By Martin Surridge – On Tuesday I returned from one of the most beautiful and enchanting countries in Southeast Asia–Thailand–a country known for its spicy cuisine, tropical mountainous rainforests, marvelous Buddhist temples, and the cosmopolitan city of Bangkok. But there's much more to Thailand than the glossy posters in the travel agent's window.       

This is Article18-RLTV's weekly blog specifically dedicated to religious liberty issues in other countries around the world. Each week, we focus on a different nation, and the struggles facing one of its religious communities. This week: Thailand, where the Buddhist-majority government is under pressure from the international community to give more freedom to political dissenters and do more to prevent a violent Islamic insurgency along the Malay border.

While not technically a religious liberty issue, the trial of human rights defender and web forum moderator Chiranuch Premchaiporn is nevertheless a blow to those who wish to see a more free and progressive Thailand. If convicted, Premchaiporn, whose crime was hosting online material deemed offensive to Thailand's monarchy, will be considered a prisoner of conscience by many including the global human rights organization Amnesty International. Benjamin Zawacki, Amnesty International's Thailand specialist, said in a press statement that,

"Chiranuch should not be in the dock. The comments for which she is being held responsible should not be prohibited in the first place-much less when they are posted by someone else. Chiranuch's arrest and trial reveal how far the Thai government is willing to go toward silencing unpopular or dissident views. [Her] case is significant because it threatens to shoot the messenger' in addition to criminalizing the message. But it's also just the latest in a series of attacks on freedom of expression in Thailand in recent years."

In Thailand it is illegal to heavily critique or openly insult the national monarchy, who are so intimately connected to Theravada Buddhism that the issue is also a religious matter. And Premchaiporn's case is not unique. Last month, 69 year old Surachai Damwattananusorn, a leader in the anti-government "Red Shirt" group, was arrested on lese majeste (insulting the monarchy) charges because of comments he made in a speech late last year.

The AFP explains that when it comes to lese majeste, "anyone can file a complaint, and police are duty-bound to investigate it in a country where the king is treated with almost religious adulation."

The "religious adulation" that the AFP describes is not an exaggeration. Regardless of religion, each faith community in Thailand is required to recognize the king and queen as honorary members of their congregation and both Buddhist temples and Christian churches throughout the country hang a portrait of the king in their place of worship.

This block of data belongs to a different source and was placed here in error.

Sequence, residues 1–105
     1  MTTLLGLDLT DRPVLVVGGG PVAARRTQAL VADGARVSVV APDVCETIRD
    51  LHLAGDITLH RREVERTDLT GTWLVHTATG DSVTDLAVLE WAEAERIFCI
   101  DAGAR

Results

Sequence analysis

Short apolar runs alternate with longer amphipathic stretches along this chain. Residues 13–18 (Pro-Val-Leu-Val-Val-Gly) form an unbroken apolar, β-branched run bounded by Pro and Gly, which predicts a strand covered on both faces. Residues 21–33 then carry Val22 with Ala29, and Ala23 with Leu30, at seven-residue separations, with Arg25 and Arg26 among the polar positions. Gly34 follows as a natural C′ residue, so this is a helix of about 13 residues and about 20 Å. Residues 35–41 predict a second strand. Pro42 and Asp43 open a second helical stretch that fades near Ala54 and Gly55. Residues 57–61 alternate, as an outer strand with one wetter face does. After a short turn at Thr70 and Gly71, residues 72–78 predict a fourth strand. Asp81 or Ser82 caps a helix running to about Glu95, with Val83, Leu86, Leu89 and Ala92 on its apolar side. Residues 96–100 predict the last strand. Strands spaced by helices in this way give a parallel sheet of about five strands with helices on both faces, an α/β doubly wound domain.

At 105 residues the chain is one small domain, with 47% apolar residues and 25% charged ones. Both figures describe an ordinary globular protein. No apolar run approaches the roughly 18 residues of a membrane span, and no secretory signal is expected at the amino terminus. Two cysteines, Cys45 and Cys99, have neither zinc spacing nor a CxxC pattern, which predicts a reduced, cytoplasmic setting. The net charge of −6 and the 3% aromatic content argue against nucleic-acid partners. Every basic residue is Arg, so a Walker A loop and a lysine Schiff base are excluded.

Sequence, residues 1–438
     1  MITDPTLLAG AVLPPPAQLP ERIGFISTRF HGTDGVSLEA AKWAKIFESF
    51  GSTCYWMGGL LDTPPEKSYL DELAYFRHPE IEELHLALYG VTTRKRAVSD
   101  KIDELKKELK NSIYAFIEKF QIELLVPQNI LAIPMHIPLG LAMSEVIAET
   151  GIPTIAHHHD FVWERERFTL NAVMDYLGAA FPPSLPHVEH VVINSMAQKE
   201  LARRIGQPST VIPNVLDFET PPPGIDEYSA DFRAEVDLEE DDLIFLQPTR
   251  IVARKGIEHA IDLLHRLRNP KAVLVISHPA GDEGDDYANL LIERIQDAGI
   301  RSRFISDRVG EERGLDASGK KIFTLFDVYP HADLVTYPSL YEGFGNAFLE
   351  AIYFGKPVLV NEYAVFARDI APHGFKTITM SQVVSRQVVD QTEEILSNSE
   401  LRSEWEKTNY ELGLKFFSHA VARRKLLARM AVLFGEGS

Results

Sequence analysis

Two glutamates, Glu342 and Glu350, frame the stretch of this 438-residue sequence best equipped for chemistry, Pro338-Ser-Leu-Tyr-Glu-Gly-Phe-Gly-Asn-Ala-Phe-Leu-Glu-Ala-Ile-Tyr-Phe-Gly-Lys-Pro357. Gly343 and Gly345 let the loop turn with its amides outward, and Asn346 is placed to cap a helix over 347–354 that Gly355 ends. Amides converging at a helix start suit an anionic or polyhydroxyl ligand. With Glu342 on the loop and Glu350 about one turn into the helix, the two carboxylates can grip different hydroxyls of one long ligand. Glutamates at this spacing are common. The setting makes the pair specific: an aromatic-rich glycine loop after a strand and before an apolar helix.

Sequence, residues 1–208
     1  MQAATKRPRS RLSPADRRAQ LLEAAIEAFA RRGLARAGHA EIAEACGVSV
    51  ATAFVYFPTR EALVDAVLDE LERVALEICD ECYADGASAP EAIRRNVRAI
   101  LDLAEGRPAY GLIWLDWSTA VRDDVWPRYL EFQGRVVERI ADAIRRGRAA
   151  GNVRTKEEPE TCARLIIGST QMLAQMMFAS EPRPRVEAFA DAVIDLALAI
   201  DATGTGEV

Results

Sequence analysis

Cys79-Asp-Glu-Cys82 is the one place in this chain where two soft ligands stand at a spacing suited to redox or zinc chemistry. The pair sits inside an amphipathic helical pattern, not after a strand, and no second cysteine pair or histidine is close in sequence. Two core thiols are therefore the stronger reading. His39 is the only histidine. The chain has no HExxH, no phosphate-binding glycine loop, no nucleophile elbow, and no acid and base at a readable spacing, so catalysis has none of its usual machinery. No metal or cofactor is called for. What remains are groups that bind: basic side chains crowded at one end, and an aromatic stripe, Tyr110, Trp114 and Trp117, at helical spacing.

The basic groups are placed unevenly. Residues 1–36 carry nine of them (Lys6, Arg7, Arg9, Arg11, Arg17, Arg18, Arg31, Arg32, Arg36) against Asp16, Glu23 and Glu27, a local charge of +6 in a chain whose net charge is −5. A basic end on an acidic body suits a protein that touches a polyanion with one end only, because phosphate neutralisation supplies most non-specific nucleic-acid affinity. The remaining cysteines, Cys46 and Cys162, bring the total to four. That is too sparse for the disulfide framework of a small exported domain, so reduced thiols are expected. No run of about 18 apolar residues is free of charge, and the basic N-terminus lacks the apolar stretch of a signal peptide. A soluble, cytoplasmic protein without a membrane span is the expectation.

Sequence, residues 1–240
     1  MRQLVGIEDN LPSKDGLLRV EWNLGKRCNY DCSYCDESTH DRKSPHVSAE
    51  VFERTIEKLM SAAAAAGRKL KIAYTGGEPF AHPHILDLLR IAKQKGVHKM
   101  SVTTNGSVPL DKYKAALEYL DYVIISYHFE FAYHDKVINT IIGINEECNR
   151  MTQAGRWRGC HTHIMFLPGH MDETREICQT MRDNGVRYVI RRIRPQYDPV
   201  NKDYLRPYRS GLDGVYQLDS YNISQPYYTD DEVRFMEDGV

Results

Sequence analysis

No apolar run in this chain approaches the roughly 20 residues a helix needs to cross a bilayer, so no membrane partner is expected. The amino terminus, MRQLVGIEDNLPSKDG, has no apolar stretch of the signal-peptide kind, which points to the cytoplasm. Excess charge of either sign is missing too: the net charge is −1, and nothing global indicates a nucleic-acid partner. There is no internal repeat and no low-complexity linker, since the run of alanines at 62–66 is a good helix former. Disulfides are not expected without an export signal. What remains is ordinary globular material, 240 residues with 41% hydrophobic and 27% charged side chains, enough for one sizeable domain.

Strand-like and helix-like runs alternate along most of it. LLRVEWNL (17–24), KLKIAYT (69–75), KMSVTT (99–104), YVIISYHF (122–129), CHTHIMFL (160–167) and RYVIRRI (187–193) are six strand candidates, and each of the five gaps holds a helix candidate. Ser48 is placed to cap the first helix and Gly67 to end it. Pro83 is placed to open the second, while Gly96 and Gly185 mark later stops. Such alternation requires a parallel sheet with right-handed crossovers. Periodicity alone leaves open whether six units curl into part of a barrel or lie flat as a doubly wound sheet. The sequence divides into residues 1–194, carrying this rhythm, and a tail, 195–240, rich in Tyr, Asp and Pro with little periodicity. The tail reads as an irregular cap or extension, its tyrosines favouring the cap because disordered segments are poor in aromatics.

While the Thai government's toleration for royal criticism is nearly non-existent, the country did receive some positive remarks in the U.S. State Department's 2006 International Religious Freedom Report. The document states that Thai law…"provides for freedom of religion, and the government generally respects this right in practice; however, it does not register new religious groups that have not been accepted into one of the existing religious governing bodies on doctrinal or other grounds. In practice, unregistered religious organizations operate freely, and the government's practice of not recognizing any new religious faiths has not restricted the activities of unregistered religious groups."

The document continues to explain however, that the status of foreign missionaries in Thailand is monitored and that the government restricts the number of official missionaries entering the country.

In the southern region of Thailand, problems don't revolve around the monitoring of foreign missionaries or insults directed toward the king, but rather a deadly, ongoing insurgency organized by Islamic militants near the Malaysian border. The Malay Muslim minority in the south of Thailand cite a "lack of respect for their ethnic identity, language and religion" as the reason for the recent bomb and gun attacks. More than 4,400 people have died in the region since 2004, including nine killed in a January bombing, four soldiers at a military base a week earlier, and two retired police officers this week.

The outlook for the region doesn't look great, as the government in Thailand continues to grapple with the fallout from the global financial collapse, the continuing problems from the "Red Shirt" protests, and the aforementioned issues that continue to draw unwanted attention from the international community.

Later this week we will continue our profile of Thailand with an inspiring and more personal story from a small Christian village I visited in the heavily Buddhist mountainous region of Chiang Rai in Northern Thailand.

Article18 is a RLTV blog written by Martin Surridge, Associate Editor of Religious Liberty TV. Article18 logo created by Bradley Kenyon.


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